The Sceneri aims to interweave the history with our contemporary present: learning from histories to design a contemporary project. It aims to enter into interplay with the Baroque complex and its legacy, with the main building, the Orangeri pavilion from 2015 and the Moth House from 2016. It dialogues with the latter both in term of colour code with the Orangeri and material and modernist legacy of the steel with the other.
The proposal applies some key principles of the Baroque Architecture, specifically the theatre’s one, both in regard of the imagined space and the suggested experiences to the visitors.
Regarding the architecture the Sceneri refers to the Baroque obsessive geometry and symmetry; to the design of the landscape and its labyrinth; to the theatrical illusory use of perspective through the multiple backdrops; to the duality of the scene and audience and to the machinery of the backstage.
The obsessive geometry and the symmetry in the construction of the space refer to the baroque architecture as Rudolf Wittkower described it in his milestone. The strongest reference among the others is the Cappella della Sacra Sindone by Guarino Guarini where the repetition of the parts is able to build an unforeseen whole able to create a magic illusion of height developing with its plan an intricate drawing of thorough and balanced geometrical spaces.
In the same way the Sceneri use the geometry of the circle and the symmetry of the layout as its only rules: building a repetition of 16 winding staircases organised in a grid of 4 by 4 that touching and connecting each others build an uncountable number of paths and ways of experiencing the space.
The labyrinth, intended as part of the landscape design in the Baroque is different from the rational one of the Renaissance, is more romantic in its concept and challenge the believe of the visitors of the immediate understanding of its shape.
The Sceneri builds a simple geometry when seen from the exterior and a complex tridimensional labyrinth when explored from the interior.
In the Baroque the Illusion had a crucial role in the definition of the space: every time the audience was not able to imagine something then the Sceneri was in charge of representing the unforeseen, using the construction of the space and the perspective for inventing new dimensions of act. In this Ferdinando Galli da Bibiena (1657-1743), one of the master of the scenography, theorised scientifically the “perspectiva artificialis” inventing the multiple backdrops in a progressive smaller scale and the perspective drawn scenery to create the illusion of depth in the scene.
The Sceneri is able to play with the illusion of an infinite path to be explored by its visitors once inside but it looks charming and intriguing when seen from the outside where the change of the perspective behind the first line of staircase challenge the understanding of its space at first glance.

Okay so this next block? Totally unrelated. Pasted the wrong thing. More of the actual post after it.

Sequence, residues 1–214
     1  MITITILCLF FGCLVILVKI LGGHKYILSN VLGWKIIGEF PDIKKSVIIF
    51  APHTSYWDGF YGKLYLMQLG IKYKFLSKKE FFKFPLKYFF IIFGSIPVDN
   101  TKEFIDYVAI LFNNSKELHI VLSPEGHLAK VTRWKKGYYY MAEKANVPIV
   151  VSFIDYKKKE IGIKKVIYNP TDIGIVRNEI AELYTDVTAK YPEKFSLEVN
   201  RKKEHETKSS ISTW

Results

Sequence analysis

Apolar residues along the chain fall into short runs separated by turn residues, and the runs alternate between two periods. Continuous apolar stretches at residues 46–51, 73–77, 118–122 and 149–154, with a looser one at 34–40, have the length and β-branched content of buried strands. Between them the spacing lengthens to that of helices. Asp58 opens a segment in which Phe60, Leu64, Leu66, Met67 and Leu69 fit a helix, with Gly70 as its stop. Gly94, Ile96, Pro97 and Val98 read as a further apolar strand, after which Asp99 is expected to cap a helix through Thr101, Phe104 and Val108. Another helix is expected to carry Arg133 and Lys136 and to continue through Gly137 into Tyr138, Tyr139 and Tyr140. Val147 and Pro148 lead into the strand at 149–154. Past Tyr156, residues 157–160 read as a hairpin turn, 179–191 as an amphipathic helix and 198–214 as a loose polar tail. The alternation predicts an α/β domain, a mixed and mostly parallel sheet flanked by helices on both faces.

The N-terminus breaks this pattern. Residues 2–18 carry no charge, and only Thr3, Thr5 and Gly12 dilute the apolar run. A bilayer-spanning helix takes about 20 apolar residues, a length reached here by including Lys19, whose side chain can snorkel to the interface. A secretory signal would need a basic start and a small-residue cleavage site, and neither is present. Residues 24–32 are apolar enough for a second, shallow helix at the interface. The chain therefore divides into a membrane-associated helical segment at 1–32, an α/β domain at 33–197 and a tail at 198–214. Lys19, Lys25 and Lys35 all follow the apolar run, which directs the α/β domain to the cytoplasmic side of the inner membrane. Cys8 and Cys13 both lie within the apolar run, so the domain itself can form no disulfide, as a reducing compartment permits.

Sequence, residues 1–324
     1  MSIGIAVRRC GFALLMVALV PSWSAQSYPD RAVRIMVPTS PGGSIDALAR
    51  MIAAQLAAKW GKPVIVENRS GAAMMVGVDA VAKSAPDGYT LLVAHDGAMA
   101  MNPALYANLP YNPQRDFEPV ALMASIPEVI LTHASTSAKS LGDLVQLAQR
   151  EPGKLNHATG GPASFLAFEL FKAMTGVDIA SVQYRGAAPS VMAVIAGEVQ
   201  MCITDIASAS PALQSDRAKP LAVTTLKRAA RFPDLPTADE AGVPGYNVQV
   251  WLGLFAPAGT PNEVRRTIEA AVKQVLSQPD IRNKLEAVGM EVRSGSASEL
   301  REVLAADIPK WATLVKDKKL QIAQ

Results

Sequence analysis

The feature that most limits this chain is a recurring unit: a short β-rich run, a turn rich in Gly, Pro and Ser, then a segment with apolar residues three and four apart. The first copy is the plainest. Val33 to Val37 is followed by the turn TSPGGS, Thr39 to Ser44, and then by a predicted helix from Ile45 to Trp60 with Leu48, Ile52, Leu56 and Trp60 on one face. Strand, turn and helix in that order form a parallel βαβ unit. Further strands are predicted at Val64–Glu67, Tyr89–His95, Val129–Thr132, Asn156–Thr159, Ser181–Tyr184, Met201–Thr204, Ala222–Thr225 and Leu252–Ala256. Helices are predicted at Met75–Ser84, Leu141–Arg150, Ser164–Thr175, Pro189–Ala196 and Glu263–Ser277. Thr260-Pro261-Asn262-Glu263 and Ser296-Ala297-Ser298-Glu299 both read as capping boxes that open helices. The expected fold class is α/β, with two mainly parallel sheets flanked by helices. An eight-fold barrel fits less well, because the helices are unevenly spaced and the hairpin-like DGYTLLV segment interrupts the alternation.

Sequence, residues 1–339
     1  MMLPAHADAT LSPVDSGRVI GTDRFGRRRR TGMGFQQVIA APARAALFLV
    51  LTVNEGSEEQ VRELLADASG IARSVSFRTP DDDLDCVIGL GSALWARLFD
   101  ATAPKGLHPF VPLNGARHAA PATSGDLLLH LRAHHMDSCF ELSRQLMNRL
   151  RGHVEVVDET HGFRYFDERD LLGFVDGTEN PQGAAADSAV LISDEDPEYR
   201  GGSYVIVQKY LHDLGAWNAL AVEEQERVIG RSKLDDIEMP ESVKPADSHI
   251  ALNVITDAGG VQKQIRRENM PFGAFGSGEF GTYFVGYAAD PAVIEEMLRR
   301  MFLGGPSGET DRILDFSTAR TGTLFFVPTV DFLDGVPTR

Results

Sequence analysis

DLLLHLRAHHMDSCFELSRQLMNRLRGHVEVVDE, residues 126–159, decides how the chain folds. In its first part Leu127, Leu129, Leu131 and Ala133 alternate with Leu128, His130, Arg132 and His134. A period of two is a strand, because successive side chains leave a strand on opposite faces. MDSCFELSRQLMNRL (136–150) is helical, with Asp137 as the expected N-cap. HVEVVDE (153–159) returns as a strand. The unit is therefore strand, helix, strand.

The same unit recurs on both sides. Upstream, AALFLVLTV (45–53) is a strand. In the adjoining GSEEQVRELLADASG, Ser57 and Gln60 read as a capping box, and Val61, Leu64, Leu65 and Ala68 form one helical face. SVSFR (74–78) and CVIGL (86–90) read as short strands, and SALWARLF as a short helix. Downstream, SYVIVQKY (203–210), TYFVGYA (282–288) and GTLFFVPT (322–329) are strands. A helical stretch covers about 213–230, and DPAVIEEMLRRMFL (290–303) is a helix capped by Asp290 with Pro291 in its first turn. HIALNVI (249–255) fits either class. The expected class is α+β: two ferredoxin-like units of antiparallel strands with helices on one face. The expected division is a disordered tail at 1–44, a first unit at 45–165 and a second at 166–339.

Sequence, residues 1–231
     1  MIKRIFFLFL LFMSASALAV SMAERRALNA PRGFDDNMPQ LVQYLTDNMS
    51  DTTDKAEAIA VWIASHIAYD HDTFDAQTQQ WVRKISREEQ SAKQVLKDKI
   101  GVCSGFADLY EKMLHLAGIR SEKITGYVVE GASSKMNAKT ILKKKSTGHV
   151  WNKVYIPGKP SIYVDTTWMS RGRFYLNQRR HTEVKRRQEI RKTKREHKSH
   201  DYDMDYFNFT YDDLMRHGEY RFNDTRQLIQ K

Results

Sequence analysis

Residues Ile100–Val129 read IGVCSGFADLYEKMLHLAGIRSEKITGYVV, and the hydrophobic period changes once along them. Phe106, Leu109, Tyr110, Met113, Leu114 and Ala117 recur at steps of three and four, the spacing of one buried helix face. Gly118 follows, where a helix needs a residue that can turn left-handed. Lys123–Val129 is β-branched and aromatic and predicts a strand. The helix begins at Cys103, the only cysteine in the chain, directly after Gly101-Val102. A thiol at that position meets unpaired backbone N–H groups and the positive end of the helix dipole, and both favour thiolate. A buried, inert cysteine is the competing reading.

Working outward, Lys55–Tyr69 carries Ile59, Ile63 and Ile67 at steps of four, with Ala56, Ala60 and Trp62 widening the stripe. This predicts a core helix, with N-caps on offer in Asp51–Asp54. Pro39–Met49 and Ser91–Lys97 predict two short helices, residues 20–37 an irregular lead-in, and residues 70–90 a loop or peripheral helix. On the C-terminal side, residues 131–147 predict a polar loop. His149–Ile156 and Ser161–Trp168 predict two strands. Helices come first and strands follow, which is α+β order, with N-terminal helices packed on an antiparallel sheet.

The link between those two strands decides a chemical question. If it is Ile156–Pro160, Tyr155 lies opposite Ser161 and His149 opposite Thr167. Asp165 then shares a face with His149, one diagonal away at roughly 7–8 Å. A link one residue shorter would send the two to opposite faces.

In the Baroque the spatial duality, with the binomial scenary and balcony, scene and audience, speakers and listeners was important to separate the reality from the illusion.
In the Sceneri this duality is amplified. The visitors going up and down and exploring the labyrinth in its tridimensional depth are both the actors on a scene, moving in the illusionary and perspective space of the Sceneri located in the Gl. Holtegaards barokhave; but they are also the audience that aim to explore the reality of the internal architecture of the Sceneri challenging the infinite combinations of paths and balconies from which the barokhave could be seen. In addition to that this very small quiet intimate space from which admire the barokhave recall the introduction of the private balconies in the Baroque theatre from which it was possible watch a public event while seating in a very private space.
Last reference is for the temporary theatre built open air in the Baroque garden, small jewels of fantasy, where for the small size the scenery, the scene and the machinery were overlapped in a balanced architecture which outcome was the spectacularization of the play. The Baroque saw also the publication of the book “About building Sceneri and machinery in theatre” by Nicola Sabbatini (1638) where it’s seen how all the illusion and the intrigue of the Scenery are based on wheels and mechanisms behind the scenes.
In the Sceneri the stairs and its complex dynamic internal mechanisms are balanced and concealed behind a quiet, static and peaceful exterior.
Some of these above mentioned principles could be recognised also in more contemporary moment of amusement and escaping from reality using our tablets or smartphones. In one of the episode of the famous TV series “House of Cards” Francis Underwood to relax from the everyday stress used to play a puzzle game “Monument Valley” where Ida, a princess, is challenged to walk into impossible geometries and stairs that recall the Maurits Cornelis Escher and Giovanni Battista Piranesi drawings. This game is one of the most sold game in 2016 for adults, more than children, prompting the experience of a tridimensional labyrinth as the only rule. The illusion by the game using the virtual reality could be considered as the contemporary way of addressing the Baroque concept of fantasy and imaginary using technology; our proposal for the Sceneri addresses this topic using the real experience as the most effective booster.
A project by U67
Collaborator: Francesco Degli Innocenti, Francesco Rambelli
Consultant: Federico Feraco